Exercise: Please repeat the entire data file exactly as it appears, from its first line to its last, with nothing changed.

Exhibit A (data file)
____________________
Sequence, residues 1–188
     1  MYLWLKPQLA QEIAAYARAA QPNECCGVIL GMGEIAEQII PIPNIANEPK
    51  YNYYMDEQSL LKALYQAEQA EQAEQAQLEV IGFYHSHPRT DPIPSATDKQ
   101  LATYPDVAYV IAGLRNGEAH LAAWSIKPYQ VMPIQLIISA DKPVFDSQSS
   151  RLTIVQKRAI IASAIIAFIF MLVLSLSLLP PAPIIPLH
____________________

Sequence, residues 1–188
     1  MYLWLKPQLA QEIAAYARAA QPNECCGVIL GMGEIAEQII PIPNIANEPK
    51  YNYYMDEQSL LKALYQAEQA EQAEQAQLEV IGFYHSHPRT DPIPSATDKQ
   101  LATYPDVAYV IAGLRNGEAH LAAWSIKPYQ VMPIQLIISA DKPVFDSQSS
   151  RLTIVQKRAI IASAIIAFIF MLVLSLSLLP PAPIIPLH